They are: "Too Much Exposition," "Urinetown," "It's a Privilege to Pee," "It's a Privilege to Pee (reprise)," "Mr. Caldwell," "Cop Song," "Follow Your Heart," "Look to the Sky," "Don't Be the Bunny," "Act One Finale," "What is Urinetown?" "Snuff That Girl," "Run, Freedom, Run!" "Follow Your Heart (reprise)," "Why Did I Listen to that Man?" "Tell Her I Love Her," "We're Not Sorry," "I'm Not Sorry (reprise)" and "I See a River."

Here, the palpable grit, harmony and eclecticism of the score is brought to life by musical director Sarah Fox (piano, conductor) and the orchestral team of Benjamin Olsen (trombone), John Hoddinott (bass), Patrick Pierce (reeds) and Chris Babcock (percussion). It's a winning combination of talent fueled by an appellation of lyricism and identity that complements that massiveness of the score, its generated levels of musicality and its remarkable fluency, demonstration and commitment to the story at hand. 
Everyone on stage - lead, supporting player, ensemble - intuitively connects to the musical numbers they are asked to sing, bringing a strong sense of urgency, style, tone to the piece, never once breaking out of character, missing a note, falling flat or wrapping their vocal chops around the dynamic phrasings, movements and rhythms envisioned by the show's creators.

They don't come any better than Josephine Harding and here, as in the recent Brookfield Theatre staging of "Spring Awakening," her gift for choreography gives "Urinetown: The Musical" its creative spin, its atmospheric aura and its magical tingle.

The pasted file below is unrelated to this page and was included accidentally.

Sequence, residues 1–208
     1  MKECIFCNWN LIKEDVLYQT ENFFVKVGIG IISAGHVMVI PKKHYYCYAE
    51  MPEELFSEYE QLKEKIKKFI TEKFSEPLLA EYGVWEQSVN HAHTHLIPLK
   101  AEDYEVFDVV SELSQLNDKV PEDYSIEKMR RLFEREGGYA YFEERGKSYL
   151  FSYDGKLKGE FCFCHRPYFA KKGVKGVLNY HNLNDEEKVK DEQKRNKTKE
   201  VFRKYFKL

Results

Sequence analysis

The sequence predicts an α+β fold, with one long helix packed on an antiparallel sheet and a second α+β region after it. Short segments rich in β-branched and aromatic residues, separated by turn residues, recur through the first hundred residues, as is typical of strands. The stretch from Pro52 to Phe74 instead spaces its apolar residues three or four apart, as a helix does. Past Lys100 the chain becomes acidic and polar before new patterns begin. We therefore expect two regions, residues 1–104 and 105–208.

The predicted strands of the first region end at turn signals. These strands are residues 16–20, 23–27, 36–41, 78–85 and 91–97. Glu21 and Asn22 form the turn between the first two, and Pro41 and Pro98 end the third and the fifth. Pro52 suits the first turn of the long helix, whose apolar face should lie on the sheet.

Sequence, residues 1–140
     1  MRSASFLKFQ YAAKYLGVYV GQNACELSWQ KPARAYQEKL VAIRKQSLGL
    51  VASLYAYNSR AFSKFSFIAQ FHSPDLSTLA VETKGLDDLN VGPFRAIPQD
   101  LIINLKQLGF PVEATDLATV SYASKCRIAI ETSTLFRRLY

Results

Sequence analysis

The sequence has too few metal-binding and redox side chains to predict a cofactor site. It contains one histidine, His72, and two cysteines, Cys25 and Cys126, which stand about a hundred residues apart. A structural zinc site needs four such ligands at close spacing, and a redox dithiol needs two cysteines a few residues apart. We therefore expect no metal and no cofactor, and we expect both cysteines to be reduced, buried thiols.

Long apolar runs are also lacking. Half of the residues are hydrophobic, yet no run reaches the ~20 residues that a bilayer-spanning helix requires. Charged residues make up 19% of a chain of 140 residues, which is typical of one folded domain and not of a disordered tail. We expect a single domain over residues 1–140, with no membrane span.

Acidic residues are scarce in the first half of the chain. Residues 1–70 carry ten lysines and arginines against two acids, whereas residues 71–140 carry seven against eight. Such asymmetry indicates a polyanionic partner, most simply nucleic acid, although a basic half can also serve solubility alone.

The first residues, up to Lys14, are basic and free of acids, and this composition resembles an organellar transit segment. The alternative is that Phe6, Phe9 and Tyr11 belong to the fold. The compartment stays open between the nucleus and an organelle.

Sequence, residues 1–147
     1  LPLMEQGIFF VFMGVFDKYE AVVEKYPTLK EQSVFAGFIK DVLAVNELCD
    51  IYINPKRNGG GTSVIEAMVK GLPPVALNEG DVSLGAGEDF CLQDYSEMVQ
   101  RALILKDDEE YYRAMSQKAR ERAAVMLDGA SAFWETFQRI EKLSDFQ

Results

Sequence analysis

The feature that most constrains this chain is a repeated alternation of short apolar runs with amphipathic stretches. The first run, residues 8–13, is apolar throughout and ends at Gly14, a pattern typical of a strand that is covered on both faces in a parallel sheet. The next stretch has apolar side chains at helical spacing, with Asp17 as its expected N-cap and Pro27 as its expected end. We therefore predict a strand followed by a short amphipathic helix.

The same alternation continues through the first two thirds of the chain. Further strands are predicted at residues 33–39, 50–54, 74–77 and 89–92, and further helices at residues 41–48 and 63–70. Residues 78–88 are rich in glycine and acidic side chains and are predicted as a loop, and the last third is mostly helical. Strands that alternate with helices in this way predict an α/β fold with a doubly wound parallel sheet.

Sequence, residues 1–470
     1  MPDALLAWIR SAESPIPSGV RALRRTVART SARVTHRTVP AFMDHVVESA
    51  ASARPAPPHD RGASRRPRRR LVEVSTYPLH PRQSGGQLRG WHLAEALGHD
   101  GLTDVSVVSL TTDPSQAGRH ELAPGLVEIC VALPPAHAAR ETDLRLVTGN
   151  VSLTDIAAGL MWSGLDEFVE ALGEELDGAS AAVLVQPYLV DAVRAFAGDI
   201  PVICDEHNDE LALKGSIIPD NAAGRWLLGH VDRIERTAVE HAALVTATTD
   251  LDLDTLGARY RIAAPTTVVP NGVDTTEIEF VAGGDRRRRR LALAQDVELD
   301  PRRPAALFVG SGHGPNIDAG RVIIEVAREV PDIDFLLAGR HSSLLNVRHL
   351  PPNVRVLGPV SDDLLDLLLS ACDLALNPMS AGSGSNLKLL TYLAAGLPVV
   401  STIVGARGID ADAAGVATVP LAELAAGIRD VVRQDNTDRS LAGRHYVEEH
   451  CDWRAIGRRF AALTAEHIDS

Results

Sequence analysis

Surrounded by a gifted company of performers, Harding's crisp, tight, informational choreography captures the angst, illusion and intensity of the telling, its nod to both parody and dystopia, its amped up exhilaration, its desperation and its salute to musical theatre abandonment. Elsewhere, her fresh feel for the show's musical staging comes across with the complexity and originality of someone skilled in Broadway bravado, its live performance execution and its framed visual flair. 

As Little Sally, Kate Patton's broad, neo-Brechtian take on her characterization, line delivery, vocals and interaction heightens the absurdity of the piece, its air of menace and its parody is such showstopping ways, her invigorating performance becomes the focal point of "Urinetown: The Musical."
She has fun. We have fun. She excites. She delights.
That said, her reactions are vaudevillian ready and worthy. She knows how to play a scene to its fullest. She completely understands Hollman and Kotis' original tongue-and-cheek concept and has great fun questioning the logistics and practicality of the material from the show's "awful title" to its preoccupation with paid public space pissoirs for urination.
Javen Levesque's commanding and dashing portrayal of Bobby Strong, the young, rebellious everyman who assists Miss Pennywise (the dynamic Missy Hanlon who turns her big musical number "It's a Privilege to Pee" into an ovation-worthy showstopper) in the great outdoors amidst the city's filthiest and poorest public urinals, brings consummate charm, humor and opportunity to his romantic leading man role, coupled with a smooth voice and song style as good as Hunter Foster who originated the role on Broadway back in 2001.
Other first-rate performances are delivered by Bennett Cognato (Officer Lockstock), Patrick Spaulding (Caldwell B. Caldwell), Jocelyn Titus (Hope Caldwell), Beth Bonnabeau (Josephine "Ma" Strong), Gary Blu (Joseph "Old Man" Strong), Billy Dempster (Officer Barrel), Laura Majidian (Little Becky Two Shoes), Ainsley Novin (Rebel) and Ethan Valencia (Mr. McQueen).

"Urinetown: The Musical is being staged at Brookfield Theatre for the Arts, 184 Whisconier Road, Brookfield, CT), now through June 24, 2023.
For tickets or more information, call (203) 775-0023.